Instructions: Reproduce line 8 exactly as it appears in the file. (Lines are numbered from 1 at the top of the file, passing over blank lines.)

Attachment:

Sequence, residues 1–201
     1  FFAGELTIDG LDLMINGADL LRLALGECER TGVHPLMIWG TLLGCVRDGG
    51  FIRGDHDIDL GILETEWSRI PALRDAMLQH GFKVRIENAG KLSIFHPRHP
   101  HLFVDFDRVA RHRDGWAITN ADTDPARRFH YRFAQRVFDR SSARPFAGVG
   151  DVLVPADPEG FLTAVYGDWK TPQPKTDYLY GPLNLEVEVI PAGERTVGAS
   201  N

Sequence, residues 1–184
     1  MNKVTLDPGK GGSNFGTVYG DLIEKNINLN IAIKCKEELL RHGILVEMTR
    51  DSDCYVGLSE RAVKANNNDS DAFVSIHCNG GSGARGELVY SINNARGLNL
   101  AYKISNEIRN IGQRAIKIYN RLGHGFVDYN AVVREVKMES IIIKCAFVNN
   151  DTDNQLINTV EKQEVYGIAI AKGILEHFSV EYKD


     1  MNKVTLDPGK GGSNFGTVYG DLIEKNINLN IAIKCKEELL RHGILVEMTR